./devmem write 0xd28 87         #UART1_SAMPLE_COUNT = 87
    ./devmem write 0xd2c 43         #UART1_SAMPLE_POINT = 43
    

    I have the cross-compiler built and have been digging around in that folder and cannot seem to find where the serial drivers are. Looking at the files/folders in that cross-compile folder leads me to believe that I'm not asking a simple question. I think a standard 8250 serial driver is being used, but that is as far as I can get.

    I'm sure it would be better to have the serial driver do the work, but maybe its much simpler to just do my own register setting when needing higher speeds.



  • I'll quit posting as I may be the only one wanting >115200 baud :)

    summary-
    If you dig around long enough you will find the driver used is in the kernel which makes sense as the kernel will will want to output info while booting. The driver used is the 'standard' 8250 serial driver found in the linux kernel drivers folder. Through a combination of the kernel config, the drivers files, the Omega specific dts(i) file(s) which provide the uart register addresses, and probably some other files I don't know about, the uarts become alive.

    Some work could be done to modify the serial driver to get the highspeed feature to work, but its probably not worth the trouble. Probably better not to mess with something that works, and has been reliably working for a lot of years.

    I now have what I need to get up to 600000 baud (I have been running at 460800 baud for a day or so straight without errors). Simply writing directly to the uart registers is a good solution (for me at least). There just needs to be a way to write to those registers.

    I have written a devmem program in C now that I have the cross-compile all setup. It can run multiple reads/writes from the command line arguments. The following is in my uart script which sets up the highspeed registers when needed (>115200)-

    ./devmem w 0xd24 3 #highspeed
    ./devmem s 0xd0c 0x80 w 0xd00 1 w 0xd04 0 c 0xd0c 0x80 #DLH:DLL
    ./devmem w 0xd28 $sc w 0xd2c $sp #sample count, sample period

    Busybox also has a devmem option (not enabled in default Omega config), but only allows one read/write per invocation.

    If anyone wants the devmem.c source or the devmem binary, I can provide a github link to the files. Maybe its an unusual requirement to be able to set hardware registers directly, but is also handy to view registers and see how they match up to the datasheet.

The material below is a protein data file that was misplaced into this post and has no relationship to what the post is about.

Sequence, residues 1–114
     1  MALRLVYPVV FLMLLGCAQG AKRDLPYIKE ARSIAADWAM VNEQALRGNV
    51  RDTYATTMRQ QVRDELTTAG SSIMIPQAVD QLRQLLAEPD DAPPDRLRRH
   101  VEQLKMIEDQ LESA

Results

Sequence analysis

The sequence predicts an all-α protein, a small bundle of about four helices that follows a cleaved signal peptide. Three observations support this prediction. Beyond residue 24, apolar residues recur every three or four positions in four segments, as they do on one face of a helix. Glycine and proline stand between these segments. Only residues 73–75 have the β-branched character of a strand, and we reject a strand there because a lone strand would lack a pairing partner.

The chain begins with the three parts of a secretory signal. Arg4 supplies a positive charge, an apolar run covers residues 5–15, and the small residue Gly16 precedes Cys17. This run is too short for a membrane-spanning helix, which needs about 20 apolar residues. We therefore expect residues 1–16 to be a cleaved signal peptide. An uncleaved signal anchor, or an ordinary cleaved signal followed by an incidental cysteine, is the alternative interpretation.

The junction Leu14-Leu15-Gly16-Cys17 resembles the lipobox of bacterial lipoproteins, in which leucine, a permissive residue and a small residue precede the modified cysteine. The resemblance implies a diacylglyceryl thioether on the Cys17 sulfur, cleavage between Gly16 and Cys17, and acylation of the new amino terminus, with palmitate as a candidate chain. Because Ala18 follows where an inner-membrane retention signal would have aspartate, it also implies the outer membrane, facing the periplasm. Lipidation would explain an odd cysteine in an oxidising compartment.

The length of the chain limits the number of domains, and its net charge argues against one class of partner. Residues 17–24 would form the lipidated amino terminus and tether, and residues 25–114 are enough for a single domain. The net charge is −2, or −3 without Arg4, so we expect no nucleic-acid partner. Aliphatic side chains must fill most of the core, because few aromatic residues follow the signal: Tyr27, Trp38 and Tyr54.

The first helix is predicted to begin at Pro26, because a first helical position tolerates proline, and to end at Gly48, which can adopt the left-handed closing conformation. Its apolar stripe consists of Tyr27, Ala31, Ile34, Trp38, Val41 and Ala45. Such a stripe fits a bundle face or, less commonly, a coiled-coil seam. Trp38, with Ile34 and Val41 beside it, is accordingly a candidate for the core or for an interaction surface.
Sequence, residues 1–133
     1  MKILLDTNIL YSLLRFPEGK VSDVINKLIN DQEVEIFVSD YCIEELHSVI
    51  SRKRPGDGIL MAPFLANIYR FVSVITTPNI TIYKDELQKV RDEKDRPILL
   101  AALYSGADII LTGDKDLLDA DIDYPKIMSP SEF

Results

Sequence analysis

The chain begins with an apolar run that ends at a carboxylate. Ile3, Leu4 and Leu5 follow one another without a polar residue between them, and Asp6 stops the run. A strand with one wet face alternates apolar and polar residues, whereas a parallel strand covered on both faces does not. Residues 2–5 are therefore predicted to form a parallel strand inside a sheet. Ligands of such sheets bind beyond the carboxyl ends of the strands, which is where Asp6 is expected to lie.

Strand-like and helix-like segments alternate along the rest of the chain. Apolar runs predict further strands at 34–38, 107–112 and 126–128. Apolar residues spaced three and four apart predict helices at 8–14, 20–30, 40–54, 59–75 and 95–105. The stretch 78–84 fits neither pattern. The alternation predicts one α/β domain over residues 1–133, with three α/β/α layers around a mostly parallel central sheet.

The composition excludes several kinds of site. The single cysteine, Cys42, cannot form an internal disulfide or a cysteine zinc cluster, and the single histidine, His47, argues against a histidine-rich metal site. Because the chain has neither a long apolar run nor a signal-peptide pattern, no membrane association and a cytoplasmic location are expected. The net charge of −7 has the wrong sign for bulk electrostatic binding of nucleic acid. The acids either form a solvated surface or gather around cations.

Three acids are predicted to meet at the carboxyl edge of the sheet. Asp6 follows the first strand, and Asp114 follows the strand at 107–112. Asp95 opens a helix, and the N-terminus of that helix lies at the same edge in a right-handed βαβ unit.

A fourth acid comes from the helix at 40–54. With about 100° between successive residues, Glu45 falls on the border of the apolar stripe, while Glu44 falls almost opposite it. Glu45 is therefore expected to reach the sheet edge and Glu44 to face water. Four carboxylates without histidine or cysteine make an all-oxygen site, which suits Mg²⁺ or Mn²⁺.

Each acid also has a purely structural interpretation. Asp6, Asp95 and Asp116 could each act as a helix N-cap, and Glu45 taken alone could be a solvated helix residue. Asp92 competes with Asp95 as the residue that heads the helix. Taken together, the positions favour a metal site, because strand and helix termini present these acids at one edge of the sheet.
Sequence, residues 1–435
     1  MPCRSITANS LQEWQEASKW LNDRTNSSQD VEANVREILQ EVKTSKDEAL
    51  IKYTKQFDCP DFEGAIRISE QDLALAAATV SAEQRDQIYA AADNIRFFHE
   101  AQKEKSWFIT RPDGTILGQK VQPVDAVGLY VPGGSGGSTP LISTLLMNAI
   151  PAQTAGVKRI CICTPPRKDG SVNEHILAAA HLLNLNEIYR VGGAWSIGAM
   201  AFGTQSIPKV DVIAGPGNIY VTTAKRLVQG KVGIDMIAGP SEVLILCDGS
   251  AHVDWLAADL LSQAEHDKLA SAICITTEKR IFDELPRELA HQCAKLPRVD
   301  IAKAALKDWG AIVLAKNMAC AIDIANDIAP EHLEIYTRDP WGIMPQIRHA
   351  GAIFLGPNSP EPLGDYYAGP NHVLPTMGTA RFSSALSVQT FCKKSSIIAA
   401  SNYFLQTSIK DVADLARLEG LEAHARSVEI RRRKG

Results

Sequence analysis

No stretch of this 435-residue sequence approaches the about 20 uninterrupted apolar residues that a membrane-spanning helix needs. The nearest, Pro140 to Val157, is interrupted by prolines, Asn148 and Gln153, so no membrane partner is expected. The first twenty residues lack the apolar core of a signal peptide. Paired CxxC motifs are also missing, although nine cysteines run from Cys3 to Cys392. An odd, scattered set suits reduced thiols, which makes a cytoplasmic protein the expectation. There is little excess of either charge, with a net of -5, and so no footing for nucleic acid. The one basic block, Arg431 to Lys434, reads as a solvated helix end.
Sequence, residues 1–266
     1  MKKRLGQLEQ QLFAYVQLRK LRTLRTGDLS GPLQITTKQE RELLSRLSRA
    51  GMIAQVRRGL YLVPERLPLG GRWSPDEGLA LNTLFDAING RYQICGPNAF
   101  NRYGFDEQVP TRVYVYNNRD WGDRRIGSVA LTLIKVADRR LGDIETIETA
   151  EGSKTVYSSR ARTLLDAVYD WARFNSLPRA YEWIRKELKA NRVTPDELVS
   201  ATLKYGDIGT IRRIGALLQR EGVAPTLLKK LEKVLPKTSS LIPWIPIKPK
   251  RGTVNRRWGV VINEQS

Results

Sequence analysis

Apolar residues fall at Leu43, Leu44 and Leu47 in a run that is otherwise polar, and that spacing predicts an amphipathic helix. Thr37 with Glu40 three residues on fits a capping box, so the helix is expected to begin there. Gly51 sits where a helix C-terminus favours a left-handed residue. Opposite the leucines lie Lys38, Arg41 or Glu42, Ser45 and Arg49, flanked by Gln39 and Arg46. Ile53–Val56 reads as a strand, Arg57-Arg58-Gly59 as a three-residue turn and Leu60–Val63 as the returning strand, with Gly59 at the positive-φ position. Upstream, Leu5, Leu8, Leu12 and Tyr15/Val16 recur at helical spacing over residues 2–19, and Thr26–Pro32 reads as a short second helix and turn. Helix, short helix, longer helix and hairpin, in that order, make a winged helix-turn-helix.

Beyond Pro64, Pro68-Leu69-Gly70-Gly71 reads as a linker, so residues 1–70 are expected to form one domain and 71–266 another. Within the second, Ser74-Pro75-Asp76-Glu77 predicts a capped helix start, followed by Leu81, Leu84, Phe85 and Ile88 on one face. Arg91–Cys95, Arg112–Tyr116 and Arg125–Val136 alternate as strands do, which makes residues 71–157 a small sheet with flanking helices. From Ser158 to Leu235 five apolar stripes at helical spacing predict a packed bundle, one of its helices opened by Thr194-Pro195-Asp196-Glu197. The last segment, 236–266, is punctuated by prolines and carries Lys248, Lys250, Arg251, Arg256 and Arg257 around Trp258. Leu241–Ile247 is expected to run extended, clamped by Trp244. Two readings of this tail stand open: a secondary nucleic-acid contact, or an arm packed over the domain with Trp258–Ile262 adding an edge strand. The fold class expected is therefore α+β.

• @C-V007 said in Serial ports hi-speed (>115200):

    No surprise, I can ramble on without making a lot of sense.

    You are very polite :) Unfortunately I don't know Go at all :(.

    This is the situation with the official driver for one who don't want to write HW registers directly.
    Most probably you have already known this (better than me ;-).

    Omega2+ FW v0.2.2 b200, device UART1 (ttyS1) - setting for example with stty or screen.

    HIGHSPEED = 0x00, SAMPLE_COUNT = 0x00, SAMPLE_POINT = 0xFF
    0_1543237266922_UART1_high_speed.png

    Notes:
    The divisor is '0x00 0x15' after Power ON but the system change it to the "default" '0x01 0x04' (9600 bps) when the "test" script starts (echo "message" > /dev/ttyS1).
    The 'real speed' is calculated - I'll measure it one day... maybe.


    @C-V007 wrote:

    If anyone wants the devmem.c source or the devmem binary, I can provide a github link to the files.

    I am interested.

    You might be interested to know
    gfiber / vendor / opensource / toolbox / e786d4e7c7e43e2a252a6b1156718802605aaf53 / . / devmem.c



  • source-
    https://github.com/cv007/Omega2_MP3/blob/master/devmem.c
    binary-
    https://github.com/cv007/Omega2_MP3/blob/master/devmem

    I wanted to be able to do a number of writes in one command and also have a bitset/bitclear feature, so wrote my own instead of trying to use what is already out there. The original Go version worked fine but ~1.4MB is a lot of space to give up for my Omega2. The C version is 14kb.



  • @C-V007 Thank you very much.
    Sorry, I don't understand the 'bit' line - could you explain it please.
    Forget that 'bit' line please. It seems I can read line by line... horizontally only. 8-(



  • One more thing :)

    I can actually get 1,000,000 baud working. The problem was the error from the microcontroller was getting too high even in its high speed mode as it just did not have the resolution for super high baud rates (the micro only runs at 24Mhz).

    When the baud divisor value on the micro gets into the single digits the step between each digit is quite large in terms of baud rate, so just happened to get lucky at 430600 and 600000 as they coincided with low error values. I had not realized at the time why these worked, but it is obvious now.

    So am happy with 1MBaud. Quite a bump up from 115200 I would say.